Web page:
Attracting Applicants in the War for Talent: Differences in Work Preferences Among High Achievers

Abstract

This study examines how several indicators of ability and achievement are associated with individual differences in preferences for job and organizational attributes. Results from a sample of 378 business and liberal arts students suggest that students with high cognitive ability and all types of high achievement place greater importance on interesting and challenging work than do other students. However, on other work attributes (e.g., job flexibility, pay practices, fast-track promotion systems), students with high cognitive ability and high academic achievement (i.e., grade point average) appear to have different preference patterns from those with high social achievement (e.g., extracurricular and leadership activities). Results are discussed in terms of implications for employers and future research.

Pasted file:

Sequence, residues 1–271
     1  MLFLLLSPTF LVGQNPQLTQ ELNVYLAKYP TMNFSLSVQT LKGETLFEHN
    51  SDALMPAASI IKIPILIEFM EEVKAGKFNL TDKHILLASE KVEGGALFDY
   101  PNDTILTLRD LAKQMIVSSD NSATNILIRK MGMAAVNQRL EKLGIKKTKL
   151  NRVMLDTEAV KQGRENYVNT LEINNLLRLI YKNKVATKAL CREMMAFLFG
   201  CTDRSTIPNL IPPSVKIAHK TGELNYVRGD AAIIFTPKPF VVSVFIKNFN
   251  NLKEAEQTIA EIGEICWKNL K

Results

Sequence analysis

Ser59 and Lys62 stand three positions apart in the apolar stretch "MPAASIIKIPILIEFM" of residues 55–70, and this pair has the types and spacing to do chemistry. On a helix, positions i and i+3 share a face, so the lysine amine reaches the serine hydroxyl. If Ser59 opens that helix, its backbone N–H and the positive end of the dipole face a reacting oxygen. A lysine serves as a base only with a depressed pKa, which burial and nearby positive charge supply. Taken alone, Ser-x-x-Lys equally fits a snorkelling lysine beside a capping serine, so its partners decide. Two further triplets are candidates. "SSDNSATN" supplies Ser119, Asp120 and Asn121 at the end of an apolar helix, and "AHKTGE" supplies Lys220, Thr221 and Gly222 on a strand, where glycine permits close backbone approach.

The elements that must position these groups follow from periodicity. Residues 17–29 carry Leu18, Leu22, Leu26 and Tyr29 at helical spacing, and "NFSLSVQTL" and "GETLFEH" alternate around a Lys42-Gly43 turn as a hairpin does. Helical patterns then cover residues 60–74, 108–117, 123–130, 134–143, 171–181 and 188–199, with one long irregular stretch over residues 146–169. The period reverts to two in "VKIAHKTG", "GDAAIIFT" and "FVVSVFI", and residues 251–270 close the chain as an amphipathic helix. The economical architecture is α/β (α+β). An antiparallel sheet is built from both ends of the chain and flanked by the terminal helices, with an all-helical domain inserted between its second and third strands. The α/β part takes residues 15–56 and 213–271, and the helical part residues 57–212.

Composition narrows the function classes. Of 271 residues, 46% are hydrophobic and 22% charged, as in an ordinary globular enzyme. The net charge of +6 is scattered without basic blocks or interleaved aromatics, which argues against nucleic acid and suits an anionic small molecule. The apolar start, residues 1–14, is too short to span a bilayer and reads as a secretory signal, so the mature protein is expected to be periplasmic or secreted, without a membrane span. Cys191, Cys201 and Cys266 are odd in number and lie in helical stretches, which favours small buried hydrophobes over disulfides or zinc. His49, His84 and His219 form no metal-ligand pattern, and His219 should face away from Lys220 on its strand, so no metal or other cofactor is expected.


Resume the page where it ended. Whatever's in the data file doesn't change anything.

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Trank, C.Q., Rynes, S.L. & Bretz, R.D. Attracting Applicants in the War for Talent: Differences in Work Preferences Among High Achievers. Journal of Business and Psychology 16, 331–345 (2002). https://doi.org/10.1023/A:1012887605708

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  • cognitive ability
  • academic achievement
  • social achievement
  • job attributes
  • recruitment
  • job applicants